Pinnawala Elephant Orphanage

We stepped through the gates of the Pinnawala elephant orphanage on a very hot, sunny day along with many other tourists and groups of Sri Lankan children on school excursions.

Pinnawala is a huge attraction for the area and boasts a staggering amount of elephants – over 80! The orphanage was founded back in 1975 by the Sri Lankan Department of Wildlife Conservation and, after moving locations a few times, finally ended up in Pinnawala. The facility was always planned to be an attraction for visitors with the hopes that the income generated would help sustain the costs of caring for the elephants.


Since 1982 a captive breeding program was introduced with the aim of the orphanage to simulate a natural elephant lifestyle which allows for free movement of the herd and gives the elephants opportunities to mate as they wish. There are some exceptions to the attempts for natural creating behaviours. For one, the elephants are led outside of the grounds of the orphanage and across an intersection twice a day for a dip in a nearby river and all the babies less than three years of age are still bottle fed by the staff and/or paying guests.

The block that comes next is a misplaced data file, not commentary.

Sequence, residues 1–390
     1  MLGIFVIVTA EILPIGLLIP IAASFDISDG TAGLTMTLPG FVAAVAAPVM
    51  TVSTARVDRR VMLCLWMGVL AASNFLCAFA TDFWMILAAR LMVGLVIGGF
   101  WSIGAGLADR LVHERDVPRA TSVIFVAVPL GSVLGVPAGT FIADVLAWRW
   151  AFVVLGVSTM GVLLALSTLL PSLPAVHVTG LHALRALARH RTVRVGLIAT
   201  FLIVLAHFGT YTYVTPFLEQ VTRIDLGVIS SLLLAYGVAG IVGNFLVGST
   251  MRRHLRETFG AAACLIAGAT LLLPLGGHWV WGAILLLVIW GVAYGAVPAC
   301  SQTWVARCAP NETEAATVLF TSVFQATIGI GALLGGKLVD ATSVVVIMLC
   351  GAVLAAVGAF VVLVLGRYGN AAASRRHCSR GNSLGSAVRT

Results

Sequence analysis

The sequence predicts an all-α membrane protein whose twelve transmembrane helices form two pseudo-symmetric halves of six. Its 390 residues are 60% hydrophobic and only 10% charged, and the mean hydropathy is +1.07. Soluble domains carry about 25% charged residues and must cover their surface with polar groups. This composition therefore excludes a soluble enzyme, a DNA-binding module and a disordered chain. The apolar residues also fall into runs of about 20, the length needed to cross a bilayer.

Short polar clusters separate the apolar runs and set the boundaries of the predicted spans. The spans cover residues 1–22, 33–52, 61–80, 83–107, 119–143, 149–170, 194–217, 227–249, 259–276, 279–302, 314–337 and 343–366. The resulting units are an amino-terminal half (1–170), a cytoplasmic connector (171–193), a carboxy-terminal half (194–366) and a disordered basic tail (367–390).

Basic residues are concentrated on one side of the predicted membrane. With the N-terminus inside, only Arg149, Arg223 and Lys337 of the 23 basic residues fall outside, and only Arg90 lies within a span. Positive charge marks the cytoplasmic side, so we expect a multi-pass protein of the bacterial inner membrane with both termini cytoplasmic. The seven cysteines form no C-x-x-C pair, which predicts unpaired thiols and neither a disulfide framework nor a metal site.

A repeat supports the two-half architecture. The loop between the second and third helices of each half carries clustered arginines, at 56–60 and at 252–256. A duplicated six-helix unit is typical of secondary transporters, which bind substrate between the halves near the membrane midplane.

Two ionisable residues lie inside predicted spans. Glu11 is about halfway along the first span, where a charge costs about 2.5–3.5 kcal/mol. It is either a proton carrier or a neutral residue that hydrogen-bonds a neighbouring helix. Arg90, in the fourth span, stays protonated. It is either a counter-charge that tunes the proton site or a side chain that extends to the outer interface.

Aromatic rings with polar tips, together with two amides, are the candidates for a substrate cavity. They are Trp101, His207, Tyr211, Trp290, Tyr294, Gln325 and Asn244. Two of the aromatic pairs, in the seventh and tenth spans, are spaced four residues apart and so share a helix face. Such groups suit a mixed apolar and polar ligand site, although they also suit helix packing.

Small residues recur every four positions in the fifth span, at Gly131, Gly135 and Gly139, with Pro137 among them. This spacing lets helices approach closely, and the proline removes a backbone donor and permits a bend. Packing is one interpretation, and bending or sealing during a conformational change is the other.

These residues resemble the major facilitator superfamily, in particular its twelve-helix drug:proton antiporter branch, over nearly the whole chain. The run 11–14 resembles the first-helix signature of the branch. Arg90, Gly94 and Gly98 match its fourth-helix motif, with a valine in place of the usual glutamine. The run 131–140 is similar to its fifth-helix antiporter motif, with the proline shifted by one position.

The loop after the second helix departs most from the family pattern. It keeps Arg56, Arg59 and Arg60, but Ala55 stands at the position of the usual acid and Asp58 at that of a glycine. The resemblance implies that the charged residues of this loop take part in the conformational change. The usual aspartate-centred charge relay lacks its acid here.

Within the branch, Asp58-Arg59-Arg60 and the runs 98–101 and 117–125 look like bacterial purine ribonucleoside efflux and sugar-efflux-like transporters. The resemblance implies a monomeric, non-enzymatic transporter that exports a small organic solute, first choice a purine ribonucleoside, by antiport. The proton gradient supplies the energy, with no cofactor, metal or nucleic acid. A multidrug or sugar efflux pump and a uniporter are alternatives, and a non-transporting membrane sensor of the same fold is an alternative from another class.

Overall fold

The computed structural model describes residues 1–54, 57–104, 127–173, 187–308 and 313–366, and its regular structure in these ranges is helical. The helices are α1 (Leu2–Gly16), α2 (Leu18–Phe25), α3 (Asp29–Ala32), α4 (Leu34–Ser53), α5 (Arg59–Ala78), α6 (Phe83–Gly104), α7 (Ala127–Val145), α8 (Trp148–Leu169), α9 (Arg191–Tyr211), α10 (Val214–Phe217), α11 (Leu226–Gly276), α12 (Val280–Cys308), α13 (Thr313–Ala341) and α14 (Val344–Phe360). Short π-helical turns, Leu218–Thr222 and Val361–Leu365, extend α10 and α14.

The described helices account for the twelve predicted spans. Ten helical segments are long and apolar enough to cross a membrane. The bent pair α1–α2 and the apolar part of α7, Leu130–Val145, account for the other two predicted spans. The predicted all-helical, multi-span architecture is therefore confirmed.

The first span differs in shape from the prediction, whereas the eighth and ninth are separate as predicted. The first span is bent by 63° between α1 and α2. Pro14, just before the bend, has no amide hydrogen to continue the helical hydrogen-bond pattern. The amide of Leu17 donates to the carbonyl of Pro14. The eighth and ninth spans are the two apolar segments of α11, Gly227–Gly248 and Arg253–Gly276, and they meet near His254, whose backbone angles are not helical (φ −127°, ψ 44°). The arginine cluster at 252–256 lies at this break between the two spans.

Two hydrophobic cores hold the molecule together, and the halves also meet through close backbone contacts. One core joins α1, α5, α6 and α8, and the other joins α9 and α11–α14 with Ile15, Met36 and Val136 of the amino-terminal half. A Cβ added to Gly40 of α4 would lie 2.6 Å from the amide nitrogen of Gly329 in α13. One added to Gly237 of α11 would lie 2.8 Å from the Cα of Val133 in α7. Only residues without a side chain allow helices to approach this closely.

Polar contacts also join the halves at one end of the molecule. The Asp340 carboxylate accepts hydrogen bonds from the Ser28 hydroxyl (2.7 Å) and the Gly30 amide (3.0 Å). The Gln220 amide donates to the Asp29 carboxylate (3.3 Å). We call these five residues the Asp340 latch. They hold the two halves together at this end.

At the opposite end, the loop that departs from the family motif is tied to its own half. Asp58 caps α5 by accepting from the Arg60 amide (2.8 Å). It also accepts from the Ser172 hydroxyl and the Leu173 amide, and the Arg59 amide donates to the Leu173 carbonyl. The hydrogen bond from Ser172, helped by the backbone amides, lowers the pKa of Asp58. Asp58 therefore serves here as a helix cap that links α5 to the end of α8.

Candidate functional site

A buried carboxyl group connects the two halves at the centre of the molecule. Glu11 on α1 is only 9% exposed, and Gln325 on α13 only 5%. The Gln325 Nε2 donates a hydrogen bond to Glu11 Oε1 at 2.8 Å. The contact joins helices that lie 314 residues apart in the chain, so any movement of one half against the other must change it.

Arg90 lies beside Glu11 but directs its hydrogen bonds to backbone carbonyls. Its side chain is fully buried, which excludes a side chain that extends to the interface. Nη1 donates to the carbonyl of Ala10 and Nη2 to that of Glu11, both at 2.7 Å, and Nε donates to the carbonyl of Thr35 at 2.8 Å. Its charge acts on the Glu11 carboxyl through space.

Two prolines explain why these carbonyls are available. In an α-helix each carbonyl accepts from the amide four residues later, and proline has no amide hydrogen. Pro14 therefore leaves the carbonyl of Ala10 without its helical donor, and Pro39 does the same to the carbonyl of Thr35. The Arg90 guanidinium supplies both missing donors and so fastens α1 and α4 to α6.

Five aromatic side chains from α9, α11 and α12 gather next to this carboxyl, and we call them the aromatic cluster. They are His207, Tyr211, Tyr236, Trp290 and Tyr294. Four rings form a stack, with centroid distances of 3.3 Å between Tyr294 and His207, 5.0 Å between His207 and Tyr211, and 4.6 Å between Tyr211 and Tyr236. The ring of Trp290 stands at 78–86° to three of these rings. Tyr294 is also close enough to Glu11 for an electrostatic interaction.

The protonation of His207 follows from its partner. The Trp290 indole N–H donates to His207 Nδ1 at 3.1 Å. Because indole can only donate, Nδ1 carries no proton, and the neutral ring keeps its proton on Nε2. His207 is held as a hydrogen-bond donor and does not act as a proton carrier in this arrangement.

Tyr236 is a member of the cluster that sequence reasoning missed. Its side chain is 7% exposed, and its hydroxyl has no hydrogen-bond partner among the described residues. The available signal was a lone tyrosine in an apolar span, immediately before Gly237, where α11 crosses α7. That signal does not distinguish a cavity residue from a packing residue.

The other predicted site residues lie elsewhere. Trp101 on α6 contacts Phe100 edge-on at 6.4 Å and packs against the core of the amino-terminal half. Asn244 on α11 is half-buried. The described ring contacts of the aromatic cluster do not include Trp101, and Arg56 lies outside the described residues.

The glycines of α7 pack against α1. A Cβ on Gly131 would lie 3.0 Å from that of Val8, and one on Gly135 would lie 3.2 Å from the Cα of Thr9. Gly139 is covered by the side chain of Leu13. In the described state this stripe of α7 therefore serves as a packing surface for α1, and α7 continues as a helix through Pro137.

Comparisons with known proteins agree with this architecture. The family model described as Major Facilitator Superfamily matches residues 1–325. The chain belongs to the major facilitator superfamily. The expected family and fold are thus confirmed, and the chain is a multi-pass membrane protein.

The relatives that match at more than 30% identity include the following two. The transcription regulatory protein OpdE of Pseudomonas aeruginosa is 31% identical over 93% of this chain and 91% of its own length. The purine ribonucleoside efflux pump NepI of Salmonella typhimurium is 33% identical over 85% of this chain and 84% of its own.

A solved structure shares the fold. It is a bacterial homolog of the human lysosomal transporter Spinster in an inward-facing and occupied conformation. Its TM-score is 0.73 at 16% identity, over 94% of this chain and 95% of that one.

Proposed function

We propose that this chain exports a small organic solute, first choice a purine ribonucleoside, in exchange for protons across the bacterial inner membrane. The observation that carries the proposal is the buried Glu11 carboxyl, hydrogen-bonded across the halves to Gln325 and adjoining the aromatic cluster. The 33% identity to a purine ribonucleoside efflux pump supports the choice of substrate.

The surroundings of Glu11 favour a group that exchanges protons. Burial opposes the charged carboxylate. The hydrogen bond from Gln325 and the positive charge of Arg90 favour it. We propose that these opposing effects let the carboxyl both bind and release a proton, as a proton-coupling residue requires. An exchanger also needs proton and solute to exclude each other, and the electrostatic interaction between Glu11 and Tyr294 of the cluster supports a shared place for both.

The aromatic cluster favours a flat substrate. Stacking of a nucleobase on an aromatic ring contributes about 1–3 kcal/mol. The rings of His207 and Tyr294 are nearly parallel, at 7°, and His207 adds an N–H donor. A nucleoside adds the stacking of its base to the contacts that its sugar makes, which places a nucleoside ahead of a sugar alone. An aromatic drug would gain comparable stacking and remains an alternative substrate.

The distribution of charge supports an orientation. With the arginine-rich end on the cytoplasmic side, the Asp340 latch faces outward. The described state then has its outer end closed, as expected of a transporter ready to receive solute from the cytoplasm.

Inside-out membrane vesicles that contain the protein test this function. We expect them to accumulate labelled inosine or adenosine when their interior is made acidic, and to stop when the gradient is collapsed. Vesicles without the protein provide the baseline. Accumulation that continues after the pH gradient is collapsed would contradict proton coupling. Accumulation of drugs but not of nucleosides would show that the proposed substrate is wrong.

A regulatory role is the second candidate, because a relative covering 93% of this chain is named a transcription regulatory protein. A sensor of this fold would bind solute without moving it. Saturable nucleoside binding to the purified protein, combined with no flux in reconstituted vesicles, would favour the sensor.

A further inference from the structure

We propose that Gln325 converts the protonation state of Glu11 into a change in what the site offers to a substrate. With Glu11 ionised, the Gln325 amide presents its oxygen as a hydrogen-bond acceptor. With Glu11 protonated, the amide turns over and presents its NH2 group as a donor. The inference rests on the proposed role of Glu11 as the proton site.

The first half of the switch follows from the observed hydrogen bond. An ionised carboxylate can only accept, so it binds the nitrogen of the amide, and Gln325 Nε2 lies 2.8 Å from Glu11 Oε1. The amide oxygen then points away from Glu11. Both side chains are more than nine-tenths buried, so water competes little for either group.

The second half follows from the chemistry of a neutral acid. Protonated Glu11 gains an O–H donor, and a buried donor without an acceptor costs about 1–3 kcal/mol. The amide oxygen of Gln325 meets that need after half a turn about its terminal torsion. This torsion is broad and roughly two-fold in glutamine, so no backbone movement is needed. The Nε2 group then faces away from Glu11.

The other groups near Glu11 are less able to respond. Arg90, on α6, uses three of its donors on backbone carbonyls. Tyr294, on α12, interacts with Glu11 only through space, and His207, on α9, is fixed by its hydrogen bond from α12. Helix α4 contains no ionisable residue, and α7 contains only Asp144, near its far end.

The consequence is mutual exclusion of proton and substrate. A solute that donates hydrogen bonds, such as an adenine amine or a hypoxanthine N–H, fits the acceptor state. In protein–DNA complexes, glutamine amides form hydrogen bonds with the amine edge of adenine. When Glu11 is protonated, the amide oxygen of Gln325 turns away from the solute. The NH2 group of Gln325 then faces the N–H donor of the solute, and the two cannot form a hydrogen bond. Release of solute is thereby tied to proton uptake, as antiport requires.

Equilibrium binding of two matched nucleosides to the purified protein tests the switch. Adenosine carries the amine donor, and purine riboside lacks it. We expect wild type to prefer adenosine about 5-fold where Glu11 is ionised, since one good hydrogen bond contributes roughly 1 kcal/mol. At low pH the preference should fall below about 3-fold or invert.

Daily schedule at the Pinnawala Orphanage:

08.30 hours – Open to visitors

09.15 hours – Bottle feeding

10.00 hours – Herd leaving to the river

12.00 hours – Return from the river

13.15 hours – Bottle feeding

14.00 hours – Herd leaving to the river

16.00 hours – Return from the river

17.00 hours – Bottle feeding

18.00 hours – Closed to public

Lots of opportunities to see the babies being fed!

It was quite incredible to see so many elephants all in one place. I was a bit overwhelmed by the sheer size of the herd. Though you strictly can’t touch or approach the elephants in the main herd you are still able to get quite close to observe them.


We moved on to a different area to see a very patient elephant standing for photos, here you were able to feed her fruit and even kiss her trunk! Afterwards we witnessed the baby bottle feeding which was an interesting spectacle. I felt a bit bad for the young elephants having to wait for the tourists to snap pictures before they got to guzzle down their small bottle and wait for the next one.

Definitely my favourite part of going to Pinnawala was being able to see the elephants march from the grounds of the sanctuary and across the public road (a traffic stopper for sure) and down the river. I couldn’t have imagined seeing such a sight in my wildest dreams! It was surreal for sure.


Check out some of the video I shot of the day!


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